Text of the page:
BRIEF SUMMARY OF THE INVENTION

The invention is drawn to apparatus and methods for freezing a tissue sample. More specifically this disclosure discusses a cryostat chuck and a tissue heat sink that are adapted to rapidly freeze a tissue sample embedded in a cutting medium. Moreover, while the heat sink is adapted to be easily removed from the frozen tissue sample and cutting medium, the chuck is adapted to hold the tissue sample in place during sectioning.

In some cases, in order to ensure that the spatial relationship between the tissue sample and the chuck remains unchanged during sectioning, the chuck comprises one or more dovetail-shaped grooves. For instance, the chuck can comprise a plurality of intersecting dovetail shaped grooves that secure the cutting medium and tissue sample to the chuck.

While the chuck and heat sink may be made of any suitable material, in some cases, the chuck and heat sink are made of copper, a copper alloy, bronze, or a bronze alloy. Because copper, bronze, and certain copper and bronze alloys have relatively high specific heats, such materials may be able to remove heat from a tissue sample better than other materials, such as stainless steel and aluminum, which are conventionally used to make cryostat tissue holders.

Where the chuck or heat sink comprise a tarnishing material, such as copper, the chuck and/or heat sink is preferably coated with a non-tarnishing material, such as polytetrafluoroethylene (PTFE or TEFLON®), stainless steel, chrome, etc. Indeed, in some preferred instances, at least a portion of the chuck and the heat sink are coated with polytetrafluoroethylene.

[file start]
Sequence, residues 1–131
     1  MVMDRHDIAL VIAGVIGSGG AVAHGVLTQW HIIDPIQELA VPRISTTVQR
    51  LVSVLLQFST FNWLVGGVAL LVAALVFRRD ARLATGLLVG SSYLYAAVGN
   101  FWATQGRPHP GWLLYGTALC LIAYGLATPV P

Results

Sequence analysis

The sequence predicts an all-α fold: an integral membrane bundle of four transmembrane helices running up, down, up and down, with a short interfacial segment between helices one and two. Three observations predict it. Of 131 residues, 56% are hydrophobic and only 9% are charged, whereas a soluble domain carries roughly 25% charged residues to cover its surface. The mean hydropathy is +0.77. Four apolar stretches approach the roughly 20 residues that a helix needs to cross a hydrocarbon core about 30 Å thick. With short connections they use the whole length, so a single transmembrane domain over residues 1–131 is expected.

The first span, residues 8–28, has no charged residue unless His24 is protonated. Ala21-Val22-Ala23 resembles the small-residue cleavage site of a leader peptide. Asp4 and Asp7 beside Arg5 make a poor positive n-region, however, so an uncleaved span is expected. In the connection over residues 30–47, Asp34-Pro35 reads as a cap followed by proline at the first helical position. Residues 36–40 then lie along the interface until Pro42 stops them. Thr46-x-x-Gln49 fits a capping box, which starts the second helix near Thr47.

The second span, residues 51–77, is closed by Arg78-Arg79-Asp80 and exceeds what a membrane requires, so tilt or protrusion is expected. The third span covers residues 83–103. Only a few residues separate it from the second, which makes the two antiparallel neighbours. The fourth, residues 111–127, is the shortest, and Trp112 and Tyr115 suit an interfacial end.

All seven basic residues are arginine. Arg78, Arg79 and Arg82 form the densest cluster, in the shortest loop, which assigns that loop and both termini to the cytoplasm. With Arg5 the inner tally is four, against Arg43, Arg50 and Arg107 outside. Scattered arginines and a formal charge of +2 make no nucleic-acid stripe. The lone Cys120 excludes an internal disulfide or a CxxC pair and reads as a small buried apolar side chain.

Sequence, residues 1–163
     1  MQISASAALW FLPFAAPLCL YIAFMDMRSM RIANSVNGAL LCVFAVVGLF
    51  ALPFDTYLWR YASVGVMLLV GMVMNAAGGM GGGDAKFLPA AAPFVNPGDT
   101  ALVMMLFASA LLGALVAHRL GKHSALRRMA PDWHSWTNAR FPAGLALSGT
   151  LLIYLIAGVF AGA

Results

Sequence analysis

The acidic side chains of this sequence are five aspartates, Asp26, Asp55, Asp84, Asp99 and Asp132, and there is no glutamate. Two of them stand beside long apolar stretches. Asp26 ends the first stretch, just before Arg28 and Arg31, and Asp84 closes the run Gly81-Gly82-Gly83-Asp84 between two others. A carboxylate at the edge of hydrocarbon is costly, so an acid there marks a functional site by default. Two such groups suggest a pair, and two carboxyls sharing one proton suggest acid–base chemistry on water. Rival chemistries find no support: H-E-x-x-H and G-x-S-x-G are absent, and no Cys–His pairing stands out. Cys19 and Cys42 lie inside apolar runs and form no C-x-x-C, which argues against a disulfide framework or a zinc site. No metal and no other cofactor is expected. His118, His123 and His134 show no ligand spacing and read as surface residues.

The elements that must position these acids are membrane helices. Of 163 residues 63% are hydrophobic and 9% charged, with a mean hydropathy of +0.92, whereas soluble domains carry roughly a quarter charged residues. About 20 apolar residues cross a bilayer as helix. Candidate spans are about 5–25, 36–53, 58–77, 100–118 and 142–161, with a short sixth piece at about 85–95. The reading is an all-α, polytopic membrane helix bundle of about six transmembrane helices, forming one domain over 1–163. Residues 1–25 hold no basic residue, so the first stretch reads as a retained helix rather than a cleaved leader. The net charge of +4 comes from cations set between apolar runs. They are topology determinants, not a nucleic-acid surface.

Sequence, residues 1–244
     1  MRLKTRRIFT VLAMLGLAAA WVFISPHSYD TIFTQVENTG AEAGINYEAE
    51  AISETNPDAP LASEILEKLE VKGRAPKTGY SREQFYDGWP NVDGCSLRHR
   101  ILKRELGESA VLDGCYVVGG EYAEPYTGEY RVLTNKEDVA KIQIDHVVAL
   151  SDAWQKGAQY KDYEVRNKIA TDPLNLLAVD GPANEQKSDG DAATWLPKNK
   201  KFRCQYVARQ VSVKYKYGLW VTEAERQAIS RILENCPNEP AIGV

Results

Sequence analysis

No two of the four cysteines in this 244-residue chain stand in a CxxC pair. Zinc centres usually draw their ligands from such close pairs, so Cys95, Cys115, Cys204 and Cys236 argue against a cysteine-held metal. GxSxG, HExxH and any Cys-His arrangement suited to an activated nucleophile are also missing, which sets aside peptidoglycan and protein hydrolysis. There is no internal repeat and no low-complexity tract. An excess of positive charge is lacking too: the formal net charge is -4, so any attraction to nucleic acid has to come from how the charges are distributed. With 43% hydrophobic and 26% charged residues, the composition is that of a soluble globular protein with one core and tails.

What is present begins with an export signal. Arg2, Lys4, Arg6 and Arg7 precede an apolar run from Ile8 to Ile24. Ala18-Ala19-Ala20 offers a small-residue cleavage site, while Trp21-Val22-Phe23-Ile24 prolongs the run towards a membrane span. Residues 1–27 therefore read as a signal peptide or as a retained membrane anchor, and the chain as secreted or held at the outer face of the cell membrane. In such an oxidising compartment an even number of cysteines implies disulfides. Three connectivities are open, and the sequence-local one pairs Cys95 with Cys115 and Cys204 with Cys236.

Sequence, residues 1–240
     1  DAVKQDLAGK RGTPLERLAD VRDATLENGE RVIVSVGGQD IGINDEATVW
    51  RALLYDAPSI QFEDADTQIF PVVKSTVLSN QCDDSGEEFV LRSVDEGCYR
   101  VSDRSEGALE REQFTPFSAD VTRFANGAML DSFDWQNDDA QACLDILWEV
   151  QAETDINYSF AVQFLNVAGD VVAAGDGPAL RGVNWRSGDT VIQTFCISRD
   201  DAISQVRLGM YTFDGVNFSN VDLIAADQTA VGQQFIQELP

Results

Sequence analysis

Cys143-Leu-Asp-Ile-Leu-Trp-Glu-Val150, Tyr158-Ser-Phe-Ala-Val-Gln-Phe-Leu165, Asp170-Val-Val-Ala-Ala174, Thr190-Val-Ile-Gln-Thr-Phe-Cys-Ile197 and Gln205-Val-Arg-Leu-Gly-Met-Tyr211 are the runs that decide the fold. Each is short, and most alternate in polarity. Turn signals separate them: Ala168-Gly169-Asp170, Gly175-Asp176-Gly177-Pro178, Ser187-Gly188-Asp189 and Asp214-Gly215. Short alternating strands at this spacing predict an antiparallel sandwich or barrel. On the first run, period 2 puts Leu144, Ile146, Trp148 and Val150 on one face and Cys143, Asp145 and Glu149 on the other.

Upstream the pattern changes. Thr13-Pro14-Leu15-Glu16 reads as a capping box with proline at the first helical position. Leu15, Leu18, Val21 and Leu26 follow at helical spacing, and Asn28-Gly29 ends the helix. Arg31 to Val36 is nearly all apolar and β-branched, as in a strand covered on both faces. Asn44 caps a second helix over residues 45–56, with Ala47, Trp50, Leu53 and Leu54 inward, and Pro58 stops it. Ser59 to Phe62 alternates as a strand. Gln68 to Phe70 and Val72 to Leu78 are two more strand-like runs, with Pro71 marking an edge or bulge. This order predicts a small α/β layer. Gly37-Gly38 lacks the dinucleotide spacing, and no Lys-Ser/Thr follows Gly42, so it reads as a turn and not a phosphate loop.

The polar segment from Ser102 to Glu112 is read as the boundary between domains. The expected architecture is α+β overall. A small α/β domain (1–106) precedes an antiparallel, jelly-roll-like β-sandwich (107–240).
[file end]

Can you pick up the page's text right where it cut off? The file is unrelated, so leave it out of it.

These features and advantages of the present invention will become more fully apparent from the following description and appended claims, or may be learned by the practice of the invention as set forth hereinafter.

BRIEF DESCRIPTION OF THE SEVERAL VIEWS OF THE DRAWINGS

In order that the manner in which the above-recited and other features and advantages of the invention are obtained and will be readily understood, a more particular description of the invention briefly described above will be rendered by reference to specific embodiments thereof that are illustrated in the appended drawings. Understanding that these drawings depict only typical embodiments of the invention and are not therefore to be considered to be limiting of its scope, the invention will be described and explained with additional specificity and detail through the use of the accompanying drawings in which: